Like many approaching middle-agers and digital immigrants, I'm new to the blogging world. I read blogs; I comment on blogs; I like blogs--I even know that "blog" is shorthand for web log, so there ya go.
While I hope to post about a range of topics, and hopefully focus in on issues of teaching and social justice, this first blog post is dedicated to my dog, Buster.
Buster is a rescue dog--and his issues run deep.
I used to be annoyed at those bumper stickers people had regarding their rescue pets, the ones that read: Who rescued who? Mostly, I was annoyed because I went back and forth between whether the object of the verb should be "who" or "whom." But then when I came to the surface and got over my pretension, I thought of Buster.
Buster doesn't care about the who/whom debate (most of my students don't either). And when it comes to the notion that a pet can rescue his/her/their owner as much as an owner can rescue his/her/their pet, I find that kind of tender and sweet. And Buster is a dog who needs tender and sweet (so do I).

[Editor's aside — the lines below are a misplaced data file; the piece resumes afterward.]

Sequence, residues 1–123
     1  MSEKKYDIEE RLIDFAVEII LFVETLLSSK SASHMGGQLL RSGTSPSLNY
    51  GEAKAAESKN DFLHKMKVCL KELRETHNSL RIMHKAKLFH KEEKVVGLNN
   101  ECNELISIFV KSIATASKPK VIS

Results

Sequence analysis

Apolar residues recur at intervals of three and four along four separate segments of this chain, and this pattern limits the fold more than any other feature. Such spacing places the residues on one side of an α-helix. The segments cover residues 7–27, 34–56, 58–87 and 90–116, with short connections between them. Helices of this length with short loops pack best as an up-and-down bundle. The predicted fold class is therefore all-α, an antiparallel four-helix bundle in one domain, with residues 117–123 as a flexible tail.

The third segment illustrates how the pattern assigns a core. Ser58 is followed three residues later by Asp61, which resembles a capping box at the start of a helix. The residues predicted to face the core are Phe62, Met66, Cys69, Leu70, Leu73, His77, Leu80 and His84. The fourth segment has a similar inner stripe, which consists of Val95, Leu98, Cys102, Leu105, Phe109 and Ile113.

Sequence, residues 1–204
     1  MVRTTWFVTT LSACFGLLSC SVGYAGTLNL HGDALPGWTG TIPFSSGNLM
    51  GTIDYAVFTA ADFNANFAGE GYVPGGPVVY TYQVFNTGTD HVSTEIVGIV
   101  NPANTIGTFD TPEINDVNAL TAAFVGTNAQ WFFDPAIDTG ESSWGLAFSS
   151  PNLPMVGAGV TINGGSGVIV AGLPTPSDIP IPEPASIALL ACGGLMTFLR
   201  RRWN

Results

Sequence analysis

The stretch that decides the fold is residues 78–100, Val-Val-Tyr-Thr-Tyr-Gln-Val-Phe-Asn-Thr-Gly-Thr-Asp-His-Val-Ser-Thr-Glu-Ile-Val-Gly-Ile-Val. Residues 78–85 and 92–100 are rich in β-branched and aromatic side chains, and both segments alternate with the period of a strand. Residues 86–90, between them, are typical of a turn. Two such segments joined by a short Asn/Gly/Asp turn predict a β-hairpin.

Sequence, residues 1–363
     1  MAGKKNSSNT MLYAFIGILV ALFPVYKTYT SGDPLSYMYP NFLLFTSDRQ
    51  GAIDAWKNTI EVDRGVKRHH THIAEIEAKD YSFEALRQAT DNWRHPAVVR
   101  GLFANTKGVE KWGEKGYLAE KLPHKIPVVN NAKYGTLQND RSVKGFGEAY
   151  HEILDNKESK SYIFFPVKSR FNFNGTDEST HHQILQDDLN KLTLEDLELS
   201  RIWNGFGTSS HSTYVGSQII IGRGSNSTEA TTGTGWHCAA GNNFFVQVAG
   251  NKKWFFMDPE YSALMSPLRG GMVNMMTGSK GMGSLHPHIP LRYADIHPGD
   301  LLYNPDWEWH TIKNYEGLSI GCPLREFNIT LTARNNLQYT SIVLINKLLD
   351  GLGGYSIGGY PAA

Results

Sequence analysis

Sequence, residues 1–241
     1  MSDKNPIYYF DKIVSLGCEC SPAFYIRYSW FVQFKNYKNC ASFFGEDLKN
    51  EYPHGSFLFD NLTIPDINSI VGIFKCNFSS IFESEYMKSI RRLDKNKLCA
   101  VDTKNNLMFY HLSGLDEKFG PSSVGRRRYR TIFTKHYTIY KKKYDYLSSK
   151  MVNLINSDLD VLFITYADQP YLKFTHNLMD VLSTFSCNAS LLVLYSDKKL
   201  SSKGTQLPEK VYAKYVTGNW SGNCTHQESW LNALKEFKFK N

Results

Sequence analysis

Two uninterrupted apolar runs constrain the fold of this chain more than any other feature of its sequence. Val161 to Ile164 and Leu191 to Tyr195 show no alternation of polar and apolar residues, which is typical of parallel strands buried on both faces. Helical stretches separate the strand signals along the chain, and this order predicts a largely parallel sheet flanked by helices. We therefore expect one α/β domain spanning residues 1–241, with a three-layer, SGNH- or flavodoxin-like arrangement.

Buster has every issue you can imagine: compromised vocal chords (most likely from a botched de-barking episode); food allergies; former abuse; fear aggression; bad breath; phobia of air, barometric pressure changes, and houseflies. It's hard to be Buster.
And this is why I love him. Despite every type of setback imaginable, Buster is unabashedly Buster. He teaches me a lot about authenticity, even when it's not so easy. And while I'm not apt to lunge at someone for petting me, and while I may not hide in the fireplace when a housefly is buzzing about, I know that Buster's authentic response to the world is something I strive for, too.
In the midst of global turmoil and homegrown racism, we need more Busters in the world: those who are ready to lunge at the problems we face and strike them head on. And perhaps our fears will become a source of empowerment that propels us to keep fighting the good fights.